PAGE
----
Norwegian independent power producer Scatec Solar has recently put into commercial operation a new solar photovoltaic power plant in the Benban complex in Upper Egypt. The facility has a 65 MW capacity.
As recently announced by the Egyptian authorities, the Benban solar complex is moving towards final delivery. It has just been enriched with a new solar photovoltaic power plant. The 65 MW plant was commissioned by Scatec Solar, an independent power producer (IPP) based in Oslo, Norway. The new plant is made up of two-sided solar panels, which means that both sides of the solar panels capture the sun’s rays and convert them into electricity. Scatec Solar believes that such solar panels optimise the production of its new photovoltaic solar park.
According to the company, which employs nearly 250 people worldwide, the new power plant that has just been connected to Benban will provide clean energy to 420,000 homes and, above all, will prevent 350,000 tonnes of CO2 emissions per year. Scatec Solar developed this project jointly with the insurance company Kommunal Landspensjonskasse (KLP), Norfund, the Norwegian government’s investment fund, and Africa50, the African Development Bank’s (AfDB) electricity infrastructure investment fund. It is a project worth 500 million Norwegian kroner (more than 51 million euros), implemented by the three partners, who commissioned their first 65 MW solar park in the Benban complex more than a month ago.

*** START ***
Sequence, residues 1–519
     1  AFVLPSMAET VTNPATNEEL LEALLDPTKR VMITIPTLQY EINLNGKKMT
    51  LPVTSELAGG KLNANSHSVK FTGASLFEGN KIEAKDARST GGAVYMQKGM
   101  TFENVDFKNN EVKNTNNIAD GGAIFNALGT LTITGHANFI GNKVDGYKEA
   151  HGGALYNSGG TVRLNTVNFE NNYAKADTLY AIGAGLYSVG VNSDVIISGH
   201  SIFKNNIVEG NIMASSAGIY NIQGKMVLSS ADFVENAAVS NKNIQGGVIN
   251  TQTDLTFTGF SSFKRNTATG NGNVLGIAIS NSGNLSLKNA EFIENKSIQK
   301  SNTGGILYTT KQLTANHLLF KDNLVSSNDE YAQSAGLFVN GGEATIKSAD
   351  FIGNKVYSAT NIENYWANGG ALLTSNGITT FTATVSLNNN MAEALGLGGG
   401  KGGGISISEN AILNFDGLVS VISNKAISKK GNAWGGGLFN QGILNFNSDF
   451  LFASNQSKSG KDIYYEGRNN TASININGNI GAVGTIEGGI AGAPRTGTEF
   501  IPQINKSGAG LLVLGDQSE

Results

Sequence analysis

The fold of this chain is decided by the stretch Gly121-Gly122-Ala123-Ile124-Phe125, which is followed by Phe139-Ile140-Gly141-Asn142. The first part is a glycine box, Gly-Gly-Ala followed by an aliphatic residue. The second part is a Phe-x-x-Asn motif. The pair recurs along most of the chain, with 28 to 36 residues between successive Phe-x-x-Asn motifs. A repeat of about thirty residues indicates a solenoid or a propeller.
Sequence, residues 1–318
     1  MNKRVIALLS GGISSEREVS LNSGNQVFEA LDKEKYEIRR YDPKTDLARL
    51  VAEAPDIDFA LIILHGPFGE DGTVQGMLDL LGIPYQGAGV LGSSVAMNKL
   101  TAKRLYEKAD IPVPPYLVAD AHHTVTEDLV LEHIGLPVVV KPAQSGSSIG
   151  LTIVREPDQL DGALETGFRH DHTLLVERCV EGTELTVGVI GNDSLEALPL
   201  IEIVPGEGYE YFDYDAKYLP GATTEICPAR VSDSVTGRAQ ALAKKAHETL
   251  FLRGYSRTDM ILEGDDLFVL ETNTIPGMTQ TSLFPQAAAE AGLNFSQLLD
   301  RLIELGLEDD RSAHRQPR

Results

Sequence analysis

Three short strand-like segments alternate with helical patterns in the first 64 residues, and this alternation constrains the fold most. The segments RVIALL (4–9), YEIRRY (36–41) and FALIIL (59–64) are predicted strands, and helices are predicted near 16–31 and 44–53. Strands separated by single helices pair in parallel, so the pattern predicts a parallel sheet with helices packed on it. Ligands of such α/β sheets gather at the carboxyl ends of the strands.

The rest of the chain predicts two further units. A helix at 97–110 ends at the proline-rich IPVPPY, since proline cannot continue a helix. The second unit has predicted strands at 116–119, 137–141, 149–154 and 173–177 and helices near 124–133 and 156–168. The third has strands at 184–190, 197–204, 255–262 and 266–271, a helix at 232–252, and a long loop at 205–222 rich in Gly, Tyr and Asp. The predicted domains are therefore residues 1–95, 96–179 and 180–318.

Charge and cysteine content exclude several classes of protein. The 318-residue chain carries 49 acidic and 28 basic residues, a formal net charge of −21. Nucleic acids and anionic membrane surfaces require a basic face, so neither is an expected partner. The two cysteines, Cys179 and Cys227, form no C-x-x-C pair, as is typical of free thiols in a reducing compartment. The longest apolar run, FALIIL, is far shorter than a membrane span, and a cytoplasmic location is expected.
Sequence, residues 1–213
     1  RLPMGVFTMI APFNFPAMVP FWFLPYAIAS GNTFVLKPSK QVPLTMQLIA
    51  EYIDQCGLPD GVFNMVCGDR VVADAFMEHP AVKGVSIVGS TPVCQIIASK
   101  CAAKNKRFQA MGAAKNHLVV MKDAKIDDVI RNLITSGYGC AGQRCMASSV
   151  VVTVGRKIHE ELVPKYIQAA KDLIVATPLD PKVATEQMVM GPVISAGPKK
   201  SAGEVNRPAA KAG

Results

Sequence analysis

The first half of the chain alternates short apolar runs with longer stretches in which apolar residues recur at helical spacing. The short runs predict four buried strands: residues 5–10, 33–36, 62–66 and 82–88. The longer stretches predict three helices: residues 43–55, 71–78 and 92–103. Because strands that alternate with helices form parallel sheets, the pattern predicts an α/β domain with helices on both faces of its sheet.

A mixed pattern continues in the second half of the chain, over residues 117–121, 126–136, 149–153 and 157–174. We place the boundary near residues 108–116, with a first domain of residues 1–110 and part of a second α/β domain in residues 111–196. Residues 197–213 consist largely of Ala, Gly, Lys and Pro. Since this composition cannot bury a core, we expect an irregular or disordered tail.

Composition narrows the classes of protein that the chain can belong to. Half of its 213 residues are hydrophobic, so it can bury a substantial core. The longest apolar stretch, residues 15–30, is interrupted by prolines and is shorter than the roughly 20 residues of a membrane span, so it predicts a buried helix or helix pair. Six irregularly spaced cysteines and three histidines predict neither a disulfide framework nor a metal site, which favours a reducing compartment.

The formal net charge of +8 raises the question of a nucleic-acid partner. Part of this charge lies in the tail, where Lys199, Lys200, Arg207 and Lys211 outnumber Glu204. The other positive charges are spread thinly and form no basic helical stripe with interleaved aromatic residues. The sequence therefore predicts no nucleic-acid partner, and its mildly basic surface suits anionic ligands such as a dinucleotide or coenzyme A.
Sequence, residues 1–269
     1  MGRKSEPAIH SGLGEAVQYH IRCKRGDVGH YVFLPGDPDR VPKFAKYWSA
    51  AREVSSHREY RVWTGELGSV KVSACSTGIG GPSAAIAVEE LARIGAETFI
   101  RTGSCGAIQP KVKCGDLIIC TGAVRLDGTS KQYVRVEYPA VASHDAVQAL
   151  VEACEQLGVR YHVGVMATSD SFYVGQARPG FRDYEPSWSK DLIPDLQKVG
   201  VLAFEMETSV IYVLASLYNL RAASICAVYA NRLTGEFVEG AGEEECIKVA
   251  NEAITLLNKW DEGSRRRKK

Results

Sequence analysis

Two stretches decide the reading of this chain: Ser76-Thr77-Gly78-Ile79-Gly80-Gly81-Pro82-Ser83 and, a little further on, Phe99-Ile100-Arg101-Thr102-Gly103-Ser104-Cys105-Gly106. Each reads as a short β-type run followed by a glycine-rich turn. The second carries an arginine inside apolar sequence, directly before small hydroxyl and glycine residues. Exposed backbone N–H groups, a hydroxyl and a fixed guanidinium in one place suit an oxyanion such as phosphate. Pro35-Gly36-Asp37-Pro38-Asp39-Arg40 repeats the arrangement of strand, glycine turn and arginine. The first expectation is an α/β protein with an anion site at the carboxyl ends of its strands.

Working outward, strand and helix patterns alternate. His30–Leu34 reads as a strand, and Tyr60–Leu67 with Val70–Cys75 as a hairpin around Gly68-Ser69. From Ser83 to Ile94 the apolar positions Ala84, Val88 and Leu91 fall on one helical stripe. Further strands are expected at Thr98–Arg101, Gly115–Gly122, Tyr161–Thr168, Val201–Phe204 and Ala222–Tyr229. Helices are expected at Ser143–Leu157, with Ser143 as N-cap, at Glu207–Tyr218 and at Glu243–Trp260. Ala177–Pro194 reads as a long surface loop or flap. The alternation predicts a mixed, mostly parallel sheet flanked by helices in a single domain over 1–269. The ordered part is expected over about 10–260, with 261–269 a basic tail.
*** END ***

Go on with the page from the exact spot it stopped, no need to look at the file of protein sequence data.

An expected capacity of 400 MW
The 130 MW that the three partners produce globally is sold to the Egyptian Electricity Transmission Company (EETC), in accordance with the 25-year power purchase agreement (PPA). The consortium will produce a total of 400 MW in the Benban complex.
The Egyptian authorities estimate that Benban will be fully connected to the grid by the end of 2019. At that time, the complex will consist of 41 solar parks for a total production of 1.65 GW. Built about 650 km south of Cairo, in the governorate of Aswan, the Benban solar park will produce the equivalent of 90% of the energy produced by the Aswan dam (2,100 MW). Presented as one of the most important power generation infrastructures in Egypt, the Benban complex will help to meet the Egyptian authorities’ ambition in ensuring that the country consumes 20% of clean energy by 2022.
Jean Marie Takouleu